Excommunication in the Baha’i Community and Shoghi Effendi Practices

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Introduction

Excommunication is a kind of punishment that removes a person from the participation and privileges of belonging to a group, community, tribe or sects. It is practiced by some Christian groups, such as the Catholic Church, the Eastern Orthodox Church, and the Oriental Orthodox Church, as well as by some other faiths, such as the Bahá’í Faith, the Amish, and Jehovah’s Witnesses. Excommunication can be enforced for various grounds, such as questioning, deviation, abandonment, separation, disrespect, insubordination, immorality, or disgrace.

 

The consequences and controversies of excommunication in different groups

The effects and procedures of excommunication vary depending on the group that applies it. Some allow for the chance of remorse and restoration, while others regard exclusion to be lasting and irrevocable.

In some sects and tribes, excommunication can also mean social isolation, avoidance, or excommunication from the community. This can have severe consequences for the excluded person, such as loss of family, friends, support, and identity.

Excommunication can also affect the person’s legal rights, property, inheritance, or citizenship in some cases.

Excommunication can be seen as a way of imposing uniformity, or prevent from diminishing membership among the people of a sect or tribe.

 

Effect of excommunication on personal and spiritual life

Excommunication is a serious measure that affects the spiritual life of a person in different ways, depending on the faith, attitude, and circumstances of his community. Some possible effects are:

  1. Emotional and feelings

Excommunication can cause a person to feel isolated, rejected, or abandoned by his community. It can be lead to depression and despair.

  1. An attack to the family identity

Excommunicated people often lose support and kindness of their family. While family is the main source of kindness and love in each person life. In fact, he faces inevitably the lack of personality. Because he missed the strongest supporters; family!

  1. An experience of crisis

Excommunication leads person to separate from all things that is called human rights: Economic, social and family transactions and even talking to his family is forbidden. In one word, excommunication is an experience of death in this world. You’d better to say gradual death…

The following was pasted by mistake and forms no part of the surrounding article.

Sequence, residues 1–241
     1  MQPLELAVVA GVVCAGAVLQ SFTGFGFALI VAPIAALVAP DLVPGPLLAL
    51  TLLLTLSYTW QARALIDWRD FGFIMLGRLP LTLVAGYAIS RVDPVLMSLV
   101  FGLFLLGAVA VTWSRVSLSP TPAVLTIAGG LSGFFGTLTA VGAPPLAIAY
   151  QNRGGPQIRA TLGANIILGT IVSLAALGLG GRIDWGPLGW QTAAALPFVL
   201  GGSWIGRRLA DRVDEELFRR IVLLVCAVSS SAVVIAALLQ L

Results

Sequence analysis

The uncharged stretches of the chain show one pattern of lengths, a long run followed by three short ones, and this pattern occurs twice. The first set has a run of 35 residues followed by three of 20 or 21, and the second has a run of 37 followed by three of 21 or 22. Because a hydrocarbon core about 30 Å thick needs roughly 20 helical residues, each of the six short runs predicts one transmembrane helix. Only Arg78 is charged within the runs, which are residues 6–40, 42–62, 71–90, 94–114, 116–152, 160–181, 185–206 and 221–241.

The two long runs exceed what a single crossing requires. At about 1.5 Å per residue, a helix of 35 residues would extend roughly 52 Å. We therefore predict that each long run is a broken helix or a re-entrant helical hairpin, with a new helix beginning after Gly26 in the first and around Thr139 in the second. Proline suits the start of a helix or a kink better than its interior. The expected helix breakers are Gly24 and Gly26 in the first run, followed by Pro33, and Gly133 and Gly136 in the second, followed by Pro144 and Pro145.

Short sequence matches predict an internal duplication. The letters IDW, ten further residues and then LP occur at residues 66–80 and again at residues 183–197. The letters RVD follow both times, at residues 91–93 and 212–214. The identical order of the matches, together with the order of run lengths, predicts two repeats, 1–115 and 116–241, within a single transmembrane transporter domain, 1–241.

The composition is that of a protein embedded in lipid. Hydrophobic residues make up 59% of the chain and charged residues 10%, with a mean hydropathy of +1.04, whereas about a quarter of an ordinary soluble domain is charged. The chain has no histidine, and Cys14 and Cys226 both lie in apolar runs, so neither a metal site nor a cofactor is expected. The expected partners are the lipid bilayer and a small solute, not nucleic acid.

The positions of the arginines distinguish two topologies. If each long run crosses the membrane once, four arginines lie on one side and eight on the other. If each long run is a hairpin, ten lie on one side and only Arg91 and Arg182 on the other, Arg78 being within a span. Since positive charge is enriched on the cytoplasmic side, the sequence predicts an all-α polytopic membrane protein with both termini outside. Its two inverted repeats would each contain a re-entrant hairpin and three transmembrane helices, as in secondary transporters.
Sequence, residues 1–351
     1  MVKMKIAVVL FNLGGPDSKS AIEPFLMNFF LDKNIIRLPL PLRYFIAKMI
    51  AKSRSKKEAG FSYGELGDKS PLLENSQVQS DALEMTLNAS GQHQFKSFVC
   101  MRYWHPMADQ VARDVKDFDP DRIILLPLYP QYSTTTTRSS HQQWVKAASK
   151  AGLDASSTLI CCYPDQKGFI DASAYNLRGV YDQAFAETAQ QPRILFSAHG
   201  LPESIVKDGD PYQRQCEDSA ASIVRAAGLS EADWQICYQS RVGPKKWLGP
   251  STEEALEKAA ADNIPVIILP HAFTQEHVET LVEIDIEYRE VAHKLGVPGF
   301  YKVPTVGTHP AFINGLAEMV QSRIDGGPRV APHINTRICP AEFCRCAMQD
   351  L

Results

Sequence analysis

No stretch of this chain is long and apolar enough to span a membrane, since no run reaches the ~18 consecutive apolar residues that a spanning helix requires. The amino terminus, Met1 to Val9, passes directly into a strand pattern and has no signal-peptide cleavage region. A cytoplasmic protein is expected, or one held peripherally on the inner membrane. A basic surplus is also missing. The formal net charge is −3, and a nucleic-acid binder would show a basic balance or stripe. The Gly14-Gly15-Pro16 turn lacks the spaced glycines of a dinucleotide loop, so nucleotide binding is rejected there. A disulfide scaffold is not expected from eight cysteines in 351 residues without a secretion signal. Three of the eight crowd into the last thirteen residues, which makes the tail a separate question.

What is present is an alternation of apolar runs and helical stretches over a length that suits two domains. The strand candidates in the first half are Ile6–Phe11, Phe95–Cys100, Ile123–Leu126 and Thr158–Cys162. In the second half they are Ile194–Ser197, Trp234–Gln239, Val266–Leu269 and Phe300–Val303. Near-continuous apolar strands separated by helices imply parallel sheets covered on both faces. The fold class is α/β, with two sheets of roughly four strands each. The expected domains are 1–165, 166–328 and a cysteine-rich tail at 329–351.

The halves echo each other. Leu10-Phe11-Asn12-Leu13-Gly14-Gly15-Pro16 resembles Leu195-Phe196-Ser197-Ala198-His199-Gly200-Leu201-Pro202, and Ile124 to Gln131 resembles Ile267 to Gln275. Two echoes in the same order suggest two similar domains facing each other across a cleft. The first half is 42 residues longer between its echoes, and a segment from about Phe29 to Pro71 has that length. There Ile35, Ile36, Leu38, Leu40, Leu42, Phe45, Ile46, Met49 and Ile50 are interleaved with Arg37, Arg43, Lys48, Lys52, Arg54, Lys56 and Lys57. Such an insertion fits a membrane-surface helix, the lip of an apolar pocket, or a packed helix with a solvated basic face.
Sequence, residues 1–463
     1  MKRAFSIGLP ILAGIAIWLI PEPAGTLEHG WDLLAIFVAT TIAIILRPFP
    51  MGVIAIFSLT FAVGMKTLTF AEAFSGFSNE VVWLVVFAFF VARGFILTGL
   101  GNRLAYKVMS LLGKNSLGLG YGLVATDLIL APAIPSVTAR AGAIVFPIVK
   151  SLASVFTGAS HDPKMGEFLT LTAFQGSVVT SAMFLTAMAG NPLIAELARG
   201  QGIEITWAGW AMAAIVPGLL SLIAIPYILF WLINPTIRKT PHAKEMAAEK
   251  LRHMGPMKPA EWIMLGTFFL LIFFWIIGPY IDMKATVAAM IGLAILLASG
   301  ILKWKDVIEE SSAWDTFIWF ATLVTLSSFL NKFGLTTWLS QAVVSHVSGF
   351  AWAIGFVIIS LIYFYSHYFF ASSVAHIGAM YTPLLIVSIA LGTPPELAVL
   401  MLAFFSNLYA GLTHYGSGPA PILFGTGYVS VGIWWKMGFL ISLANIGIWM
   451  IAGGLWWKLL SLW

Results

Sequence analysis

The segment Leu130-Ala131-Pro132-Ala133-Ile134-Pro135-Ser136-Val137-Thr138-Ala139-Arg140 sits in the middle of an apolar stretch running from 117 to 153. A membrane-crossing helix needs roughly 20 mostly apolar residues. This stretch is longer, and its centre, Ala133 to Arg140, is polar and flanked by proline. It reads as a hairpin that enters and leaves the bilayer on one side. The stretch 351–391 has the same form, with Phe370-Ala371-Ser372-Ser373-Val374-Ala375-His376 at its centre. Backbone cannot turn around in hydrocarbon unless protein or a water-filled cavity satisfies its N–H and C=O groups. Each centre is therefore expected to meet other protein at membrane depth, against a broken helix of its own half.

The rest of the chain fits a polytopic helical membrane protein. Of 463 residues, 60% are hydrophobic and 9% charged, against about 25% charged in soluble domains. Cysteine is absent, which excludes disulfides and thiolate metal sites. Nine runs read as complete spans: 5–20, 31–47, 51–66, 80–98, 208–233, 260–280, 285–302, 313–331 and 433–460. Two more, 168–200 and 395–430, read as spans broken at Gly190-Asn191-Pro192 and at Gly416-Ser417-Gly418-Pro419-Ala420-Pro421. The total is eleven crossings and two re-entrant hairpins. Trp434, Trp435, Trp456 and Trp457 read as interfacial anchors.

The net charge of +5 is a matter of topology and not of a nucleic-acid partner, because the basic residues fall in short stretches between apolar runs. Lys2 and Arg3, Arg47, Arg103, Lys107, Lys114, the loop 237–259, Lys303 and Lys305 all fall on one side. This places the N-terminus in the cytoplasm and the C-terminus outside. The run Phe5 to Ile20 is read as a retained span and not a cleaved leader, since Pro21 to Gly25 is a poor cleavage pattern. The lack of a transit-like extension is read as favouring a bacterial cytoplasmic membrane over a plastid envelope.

Excommunication in the Baha’i Faith

The excommunicated person excluded from the communion of the Baha’is, and the rights of membership.

However, the Baha’is believe that they have no clergy or a sacramental system; excommunication occurs in the Bahá’í Faith for more than one sanctuary! So, the authority of Baha’i organization is measurable during excommunication procedure.

In the first step, the Baha’i organization applies an administrative expulsion, which means a person should be deprived of their voting rights and membership in the Baha’i community.

The second and terrible step is spiritual excommunication. If a Baha’i ask questions about the contradictions in  the Baha’i Doctrines, leaders’ statements or disagreement with the Baha’i orders, he will miss not only Baha’i membership but also his family and their support for life. In one word, he experiences death in this world!

 

The role of Shoghi Effendi to organize excommunication

The story of excommunication became harmful as Shoghi Effendi started issuing serious and violent orders among the Baha’is.

The first victims of excommunication in the Baha’i Faith were Bahá’u’lláh’s family. Abdul-Baha excommunicated all his brothers and sisters except one (Bahiye Khanum), after facing challenges to his leadership with his brother Mohammad Ali Effendi. Shoghi Effendi even excommunicated his parents and also did not attend their funeral either.